Limits...
Size selection of Antarctic krill (Euphausia superba) in trawls.

Krag LA, Herrmann B, Iversen SA, Engås A, Nordrum S, Krafft BA - PLoS ONE (2014)

Bottom Line: However, our results indicated that size selectivity of krill is a well-defined process in which individuals encounter meshes at an optimal orientation for escapement.The simulation-based results were supported by data from experimental trawl hauls and underwater video images of the mesh geometry during fishing.The methods developed and results described are important tools for selecting optimal trawl designs for krill fishing.

View Article: PubMed Central - PubMed

Affiliation: DTU Aqua, Technical University of Denmark, Hirtshals, Denmark.

ABSTRACT
Trawlers involved in the Antarctic krill (Euphausia superba) fishery use different trawl designs, and very little is known about the size selectivity of the various gears. Size selectivity quantifies a given trawl's ability to catch different sizes of a harvested entity, and this information is crucial for the management of a sustainable fishery. We established a morphological description of krill and used it in a mathematical model (FISHSELECT) to predict the selective potential of diamond meshes measuring 5-40 mm with mesh opening angles (oa) ranging from 10 to 90°. We expected the majority of krill to encounter the trawl netting in random orientations due to high towing speeds and the assumed swimming capabilities of krill. However, our results indicated that size selectivity of krill is a well-defined process in which individuals encounter meshes at an optimal orientation for escapement. The simulation-based results were supported by data from experimental trawl hauls and underwater video images of the mesh geometry during fishing. Herein we present predictions for the size selectivity of a range of netting configurations relevant to the krill fishery. The methods developed and results described are important tools for selecting optimal trawl designs for krill fishing.

Show MeSH

Related in: MedlinePlus

Scanned pictures of krill with markings to illustrate the width and height at CS1 and CS2.
© Copyright Policy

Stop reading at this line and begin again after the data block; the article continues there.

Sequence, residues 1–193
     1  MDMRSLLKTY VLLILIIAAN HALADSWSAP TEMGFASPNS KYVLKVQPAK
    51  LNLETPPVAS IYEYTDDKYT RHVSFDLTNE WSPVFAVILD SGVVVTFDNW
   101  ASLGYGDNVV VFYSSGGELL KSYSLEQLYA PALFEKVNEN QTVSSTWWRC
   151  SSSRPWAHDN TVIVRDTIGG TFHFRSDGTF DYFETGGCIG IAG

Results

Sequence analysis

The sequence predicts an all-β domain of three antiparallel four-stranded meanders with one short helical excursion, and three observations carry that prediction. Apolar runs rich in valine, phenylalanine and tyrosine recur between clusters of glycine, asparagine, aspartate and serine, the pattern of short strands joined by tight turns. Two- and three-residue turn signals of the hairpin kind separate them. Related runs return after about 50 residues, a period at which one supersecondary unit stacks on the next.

Related In: Results  -  Collection

License
getmorefigures.php?uid=PMC4126659&req=5

pone-0102168-g003: Scanned pictures of krill with markings to illustrate the width and height at CS1 and CS2.

Mentions: A two-step process was used to take morphological measurements. The first step involved taking measurements of 30 individuals covering the length span from 27 to 55 mm. Each individual was placed on a flatbed scanner to measure width and height at CS1 and CS2. Width and height were extracted using the image analysis in the FISHSELECT software (Fig. 3). After these measurements were taken, each individual was frozen on a metal plate at −80°C to ensure rapid freezing. The frozen individuals were cut with a scalpel at CS1 and CS2 perpendicular to the length of the body. The frozen condition prevented the specimens from deforming during the slicing, which would cause deviation from their natural morphology. These sliced cross sections were photographed on a flatbed scanner. Then based on the shape describtion by analyzing the cross section images, we found relations between the three parameters describing the cross section shapes and size and the height and width at the cross sections. This enabled us to assess the cross section shapes and sizes established for CS1 and CS2 for a larger number of individuals based on only measuring height and width at CS1 and CS2. In the second step, the length of 83 individuals with a length range from 19 to 54 mm was measured and the established length to cross-section relationship applied. Without cutting we assessed the cross sections CS1, CS2, and CS3 by placing a given specimen on the scanner for the different measures (height, width, and curled).